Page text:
You can bet on it that your car insurance company will investigate whether the smooth tyres on your car caused the accident that lead to your insurance claim. This will most likely be the case where there appears to be no other contributing factors to the accident and you merely slid off the road at a corner or turn on the road.
Why can they do this?
Most car insurance policies will stipulate that cover is provided only with the understanding and warranty by the vehicle owner that the vehicle is to be maintained and operated in a roadworthy condition.
This does however not allow the car insurer to dismiss every single claim just because the tyres might be a bit on the smooth side. There needs to be a causal link between the breach of warranty by the vehicle owner and the insured’s loss.
This can be illustrated with 3 examples of actual decisions by the Ombudsman for Short Term Insurance
Examples of Smooth Tyres / Roadworthiness and car insurance claims
The Insured entered a traffic light controlled four-way intersection at a speed of 50 to 60 Kms. per hour. The green light was in his favour and just before he entered the intersection, an Isuzu white Bakkie entering the intersection from the opposite direction executed a turn to the lsuzu’s right, i.e. across the direction of travel of the Insured.
The Insured applied brakes slightly and noticed that the light was still green for him. To his surprise a Mazda 323 followed the manoeuvre of the Isuzu Bakkie and a collision occurred. The Insured’s Toyota collided with the Mazda’s left rear door.
The Insurer rejected liability on the ground that the two front tyres were smooth and that liability is excluded as a result of “damage to the vehicle caused by or attributable to an unroadworthy condition of the vehicle”.
- Ombudsman’s response
The Ombudsman pointed out that having regard to the circumstances of the collision, the smooth tyres had no causal connection to the collision and the subsequent damage to the complainant’s vehicle. The Insurer was persuaded to meet the claim.
[Source: Ombudsman Newsletter : 03/04]
Example 2 Unroadworthy vehicle – tyre tread not meeting requirements
The insured was travelling on the R21, which is a dual carriageway in each direction with a grass lane separating the two directions of travel. Because it was already after 20:00, the traffic was quiet. He was travelling at an approximate speed of 110km per hour because he wished to remain in sight of his wife who was following him. The road surface was dry and visibility good. He suddenly became aware of dust/smoke, and in order to escape the total blockage of his front view, he swerved to his right-hand side. He clipped the right rear corner of a truck in front of him which resulted in his bonnet flying open. This totally blocked his view. All this happened so quickly that he did not have time to brake.
Immediately after the aforesaid collision, the airbag inflated and all he could do was to take his foot off the accelerator and the car ultimately overturned.
Significantly, the car travelling immediately behind the insured was also caught in the emission of dust/smoke and he too swerved to his right-hand side, but collided with the insured’s wife’s vehicle. (His wife had in the meantime pulled over to the right hand lane in order to overtake the vehicle behind the insured). The insurer rejected liability because the left front tyre did not have sufficient tread on it.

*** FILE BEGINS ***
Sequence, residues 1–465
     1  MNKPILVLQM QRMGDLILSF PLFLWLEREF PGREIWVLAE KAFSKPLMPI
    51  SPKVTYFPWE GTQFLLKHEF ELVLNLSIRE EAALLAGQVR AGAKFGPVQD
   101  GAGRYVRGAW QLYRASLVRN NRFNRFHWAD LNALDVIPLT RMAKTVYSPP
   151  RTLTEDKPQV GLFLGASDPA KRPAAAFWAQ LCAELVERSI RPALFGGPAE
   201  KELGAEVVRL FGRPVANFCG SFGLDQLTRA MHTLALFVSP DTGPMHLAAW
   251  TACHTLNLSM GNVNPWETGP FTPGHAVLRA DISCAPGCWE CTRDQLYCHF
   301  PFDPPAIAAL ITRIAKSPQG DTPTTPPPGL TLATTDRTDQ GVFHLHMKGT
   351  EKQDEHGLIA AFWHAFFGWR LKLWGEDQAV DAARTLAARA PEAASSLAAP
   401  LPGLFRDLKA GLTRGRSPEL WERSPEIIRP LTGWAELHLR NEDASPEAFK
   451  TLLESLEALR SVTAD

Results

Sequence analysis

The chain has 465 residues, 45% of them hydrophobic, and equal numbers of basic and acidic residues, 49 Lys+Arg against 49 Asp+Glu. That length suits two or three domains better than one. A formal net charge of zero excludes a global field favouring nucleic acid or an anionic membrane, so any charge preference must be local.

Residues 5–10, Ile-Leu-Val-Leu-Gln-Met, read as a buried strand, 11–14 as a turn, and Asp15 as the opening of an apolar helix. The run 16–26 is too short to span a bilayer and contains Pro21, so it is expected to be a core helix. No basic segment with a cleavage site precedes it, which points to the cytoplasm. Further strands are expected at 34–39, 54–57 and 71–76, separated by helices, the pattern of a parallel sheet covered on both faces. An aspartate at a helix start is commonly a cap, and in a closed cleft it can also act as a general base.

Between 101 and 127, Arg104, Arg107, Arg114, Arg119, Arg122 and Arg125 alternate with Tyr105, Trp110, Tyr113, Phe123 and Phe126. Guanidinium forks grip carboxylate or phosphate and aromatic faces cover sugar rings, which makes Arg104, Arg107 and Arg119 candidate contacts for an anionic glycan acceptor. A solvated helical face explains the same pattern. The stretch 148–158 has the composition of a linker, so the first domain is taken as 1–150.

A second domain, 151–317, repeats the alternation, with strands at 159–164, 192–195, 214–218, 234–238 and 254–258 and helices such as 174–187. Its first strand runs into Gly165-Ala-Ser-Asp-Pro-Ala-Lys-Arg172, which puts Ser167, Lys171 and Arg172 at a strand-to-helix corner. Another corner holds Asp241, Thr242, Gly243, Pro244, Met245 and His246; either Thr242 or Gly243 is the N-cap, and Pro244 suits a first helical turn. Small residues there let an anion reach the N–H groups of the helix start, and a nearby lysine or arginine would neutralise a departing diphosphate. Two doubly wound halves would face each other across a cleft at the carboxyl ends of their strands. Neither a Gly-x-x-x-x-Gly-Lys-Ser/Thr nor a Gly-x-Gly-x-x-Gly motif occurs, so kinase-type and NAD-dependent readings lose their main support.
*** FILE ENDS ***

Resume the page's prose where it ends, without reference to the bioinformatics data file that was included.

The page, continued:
- Ombudsman’s response
The Ombudsman pointed out that at a speed of approximately 110km per hour the insured was covering approximately 31 metres per second. Generally, the Courts accept that the driver has a one second reaction time, and based on the facts as related by the insured, a full tread on the left front tyre would not have avoided the collision. The insurer was persuaded to admit the claim.
[Source: Ombudsman Newsletter : 04/04]
Example 3 Rear tyres did not have a proper tread situation
The insured was travelling from Cavendish Square in Claremont, Cape Town, to his home in Fish Hoek, along the M3 freeway.
Just before the Tokai turnoff, a drunken pedestrian was illegally on the freeway and stumbled and ran into the road just missing a 4 x 4 Toyota. The insured swerved, braked heavily to try and avoid the pedestrian, but he ultimately collided with the pedestrian who survived the collision.
The insurer rejected liability because both rear tyres had tread below the legal limit, and it was a condition of the policy that a vehicle had to be in roadworthy condition. The insured did not accept the aforesaid allegation, and the insurer then requested the AA to supply it with a report, which confirmed that both rear tyres were found to be unroadworthy.
- Ombudsman’s response
The policy issued to the insured contained a specific condition that the vehicle be kept in a road worthy condition at all times in terms of the Road Traffic Ordinance. The tyre tread depth did not meet the requirements. The insurer’s decision was not based entirely on the policy condition, but also on the fact that the collision may have been avoided and the damages lessened had the vehicle tyres been in a good condition. Based on the facts, the Ombudsman concluded that the insurer was entitled to maintain the rejection.
[Source: Ombudsman Annual Report 2003]
Conclusion and Advice
From these examples it is clear that the car insurance claim could be dismissed if there is a causal link between the non -roadworthiness of the tyres, the accident and the resulting damage from an accident.
We would like to urge all vehicle owners to pay close attention to tyre safety – not to have car insurance claims paid – but rather to avoid accidents, loss of life and injury!!